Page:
Buyers, sellers should gear up for busy housing market this fall

By: Joshua Gordon | C&G Newspapers | Published September 9, 2015

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METRO DETROIT — After a strong summer, the housing market in metro Detroit shows no signs of regressing heading into the fall, although buyers and sellers both could take extra precautions in getting in or out of a house.


For the buyer, real estate agent Jan Hays, with Max Broock in Birmingham, said the market will still look to be a sellers market in the fall, so buyers should be ready to make a bid when going to look at a house and not be afraid to make the call.


“The market is extremely active, and there is a shortage of inventory and an overabundance of buyers, so if things are priced right and in good condition, they are seeing multiple offers again,” Hays said. “With prospective buyers, they should choose a serious agent who can get house information immediately when they go up and have a preapproval in hand to prove they are a strong buyer.”


Hays said other factors that make the market difficult for buyers are that time is of the essence with multiple offers being put on many homes, as well as some buyers looking to make cash offers, which sellers usually take over buyers who offer a little more than the asking price.


“I have been an agent for 30 years, and this is one of the busiest, most difficult years,” Hays said. “If you see something you want, you need to get in there and move forward fairly quickly.”


On the seller’s side of the market, while some houses may be getting multiple offers, agent John Kurczak, with Keller Williams in Sterling Heights, said sellers need to make sure their home is in proper showing condition and not skimp on easy fixes, as buyers want a house that is nearly perfect.


“If a house is staged properly with the right amenities and right furniture, it looks so good and is something inexpensive a homeowner or agent can do,” he said. “In 2015, buyers only see what they see and not what could be a finished product. If you have two good showings, you should have your home sold, and by staging, it helps the buyers see.”


Sellers also have to be cautious when listing their home and picking a price point, Hays said. In the past, a seller might have listed a house for a higher asking price and come down, but because buyers are more willing to meet or go slightly above the market value, proper pricing is key.


“We are not in the type of market where the seller can list a home for $350,000 because they know someone will offer $300,000 that way,” Hays said. “Buyers are waiting for homes to come on the market because there is a shortage, so you get the majority of your activity within the first 10 days of it coming on the market. If it is priced right, you are more likely to get full asking price or above, but if your price is high, you will take less in the long run.”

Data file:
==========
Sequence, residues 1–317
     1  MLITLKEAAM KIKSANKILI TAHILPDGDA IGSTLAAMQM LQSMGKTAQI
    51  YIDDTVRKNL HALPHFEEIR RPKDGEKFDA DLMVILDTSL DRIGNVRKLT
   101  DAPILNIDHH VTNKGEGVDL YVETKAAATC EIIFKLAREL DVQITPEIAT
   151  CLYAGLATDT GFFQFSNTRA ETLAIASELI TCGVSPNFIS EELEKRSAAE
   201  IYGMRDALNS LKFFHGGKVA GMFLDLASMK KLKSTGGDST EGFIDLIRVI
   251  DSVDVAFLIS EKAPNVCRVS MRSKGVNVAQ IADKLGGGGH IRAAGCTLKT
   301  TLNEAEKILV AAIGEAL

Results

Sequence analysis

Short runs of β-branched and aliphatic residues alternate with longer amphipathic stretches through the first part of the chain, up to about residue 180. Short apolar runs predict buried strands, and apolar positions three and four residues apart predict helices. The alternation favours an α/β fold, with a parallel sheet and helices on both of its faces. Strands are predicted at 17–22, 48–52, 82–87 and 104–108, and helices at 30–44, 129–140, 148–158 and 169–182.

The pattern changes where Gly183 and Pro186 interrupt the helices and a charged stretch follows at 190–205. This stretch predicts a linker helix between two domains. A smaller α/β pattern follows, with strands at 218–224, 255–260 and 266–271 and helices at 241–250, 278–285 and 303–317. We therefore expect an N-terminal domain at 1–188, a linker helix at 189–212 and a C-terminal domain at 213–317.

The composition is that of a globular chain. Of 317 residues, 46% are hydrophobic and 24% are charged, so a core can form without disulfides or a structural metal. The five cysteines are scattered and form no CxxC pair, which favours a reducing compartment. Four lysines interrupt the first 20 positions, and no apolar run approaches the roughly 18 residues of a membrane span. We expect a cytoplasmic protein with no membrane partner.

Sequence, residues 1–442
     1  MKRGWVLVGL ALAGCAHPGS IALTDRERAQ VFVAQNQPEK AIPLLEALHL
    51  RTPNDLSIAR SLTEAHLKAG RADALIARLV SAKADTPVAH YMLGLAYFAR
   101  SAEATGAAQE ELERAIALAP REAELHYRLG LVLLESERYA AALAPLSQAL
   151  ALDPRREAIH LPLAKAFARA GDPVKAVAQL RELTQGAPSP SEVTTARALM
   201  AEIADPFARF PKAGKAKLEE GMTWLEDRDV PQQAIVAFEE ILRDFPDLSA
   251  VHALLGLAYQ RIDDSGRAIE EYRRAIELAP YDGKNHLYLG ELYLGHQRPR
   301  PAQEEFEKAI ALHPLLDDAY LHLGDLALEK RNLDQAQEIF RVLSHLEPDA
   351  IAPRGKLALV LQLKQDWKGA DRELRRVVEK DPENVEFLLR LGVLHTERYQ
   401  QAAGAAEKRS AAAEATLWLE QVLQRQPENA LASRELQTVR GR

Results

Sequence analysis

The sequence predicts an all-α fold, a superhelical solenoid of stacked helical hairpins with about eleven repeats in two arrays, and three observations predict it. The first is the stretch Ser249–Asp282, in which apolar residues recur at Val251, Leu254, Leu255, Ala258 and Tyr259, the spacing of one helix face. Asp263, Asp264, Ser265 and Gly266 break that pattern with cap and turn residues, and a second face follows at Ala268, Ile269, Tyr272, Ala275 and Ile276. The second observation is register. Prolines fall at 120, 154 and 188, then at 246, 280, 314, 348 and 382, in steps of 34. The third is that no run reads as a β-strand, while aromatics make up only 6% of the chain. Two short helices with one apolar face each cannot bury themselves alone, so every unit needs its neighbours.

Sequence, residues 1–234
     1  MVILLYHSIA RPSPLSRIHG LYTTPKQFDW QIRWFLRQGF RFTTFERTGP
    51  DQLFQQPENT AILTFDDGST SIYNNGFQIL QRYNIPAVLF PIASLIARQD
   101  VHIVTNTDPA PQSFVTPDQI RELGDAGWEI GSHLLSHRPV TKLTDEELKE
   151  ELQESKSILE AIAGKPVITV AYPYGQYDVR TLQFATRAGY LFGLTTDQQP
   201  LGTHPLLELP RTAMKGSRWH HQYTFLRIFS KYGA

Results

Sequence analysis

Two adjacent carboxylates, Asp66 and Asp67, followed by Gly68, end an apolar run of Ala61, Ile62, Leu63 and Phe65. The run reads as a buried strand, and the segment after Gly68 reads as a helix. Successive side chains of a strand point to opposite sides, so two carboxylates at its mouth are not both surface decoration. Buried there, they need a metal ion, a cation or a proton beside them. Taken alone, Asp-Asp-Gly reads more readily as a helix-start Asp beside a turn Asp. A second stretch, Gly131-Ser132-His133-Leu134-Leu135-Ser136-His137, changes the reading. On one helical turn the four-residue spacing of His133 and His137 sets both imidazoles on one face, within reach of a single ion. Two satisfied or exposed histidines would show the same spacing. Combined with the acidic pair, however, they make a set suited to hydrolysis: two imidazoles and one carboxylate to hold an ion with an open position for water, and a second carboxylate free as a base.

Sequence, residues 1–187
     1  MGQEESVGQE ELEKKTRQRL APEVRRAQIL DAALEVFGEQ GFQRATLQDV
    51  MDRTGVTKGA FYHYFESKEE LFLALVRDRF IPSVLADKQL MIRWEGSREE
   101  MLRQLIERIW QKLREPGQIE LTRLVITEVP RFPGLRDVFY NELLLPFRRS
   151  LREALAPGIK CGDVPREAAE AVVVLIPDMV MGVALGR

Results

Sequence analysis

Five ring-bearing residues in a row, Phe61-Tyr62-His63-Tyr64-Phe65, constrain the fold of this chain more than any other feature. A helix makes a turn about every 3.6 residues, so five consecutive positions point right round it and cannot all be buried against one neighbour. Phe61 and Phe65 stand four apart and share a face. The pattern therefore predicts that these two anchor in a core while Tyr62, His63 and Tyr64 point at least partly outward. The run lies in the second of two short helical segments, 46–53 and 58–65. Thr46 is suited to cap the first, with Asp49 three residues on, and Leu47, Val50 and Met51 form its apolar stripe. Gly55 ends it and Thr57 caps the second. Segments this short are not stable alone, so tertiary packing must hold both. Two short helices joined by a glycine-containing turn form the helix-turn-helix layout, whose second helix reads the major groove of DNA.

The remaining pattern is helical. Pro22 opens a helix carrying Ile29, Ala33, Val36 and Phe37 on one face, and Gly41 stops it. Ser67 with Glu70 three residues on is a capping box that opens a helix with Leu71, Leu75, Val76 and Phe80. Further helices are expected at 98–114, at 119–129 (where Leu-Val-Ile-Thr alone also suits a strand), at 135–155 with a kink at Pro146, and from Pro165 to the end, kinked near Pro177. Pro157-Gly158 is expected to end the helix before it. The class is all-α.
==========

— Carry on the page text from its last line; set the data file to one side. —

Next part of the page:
One way to make sure the asking price is in the right spot is by having a seller’s real estate agent study the market and get selling points for similar homes in the area, Hays said.


As fall begins to roll in, Kurczak said homes in metro Detroit should continue to sell well as interest rates continue to sit between 4 and 5 percent, meaning buyers can get “more bang for their buck.”


The type of home that sells, however, may change as a buyer’s wants shift as the seasons do, he said.


“In the summertime, people are only looking for air conditioning, shade and patios,” Kurczak said. “In the fall market, they are looking for fireplaces and dining rooms and attached garages. The housing market is very seasonal, and there will be a huge demand for these amenities in the next few months, as there is every year.”


Other key factors that buyers are looking for begin with location, Hays said. A home in a good school district and near a walkable downtown is on more wish lists than one not in an active neighborhood.


Updated homes are big selling points, she said, with buyers still wanting updated kitchens and bathrooms, as well as homes that are just generally well-maintained.


With an influx of buyers and good mortgage rates, Hays said real estate agents in metro Detroit are preparing for another busy season.


“Notoriously, August is slow because people take their last summer hurrah and kids are going back to school, but by mid- or late September, (the market) will be active again,” she said. “Consumer confidence is up right now, as people see all aspects of the economy recovering. With favorable interest rates, which we don’t anticipate going up in the near future, it won’t stop people from being active in the market.”

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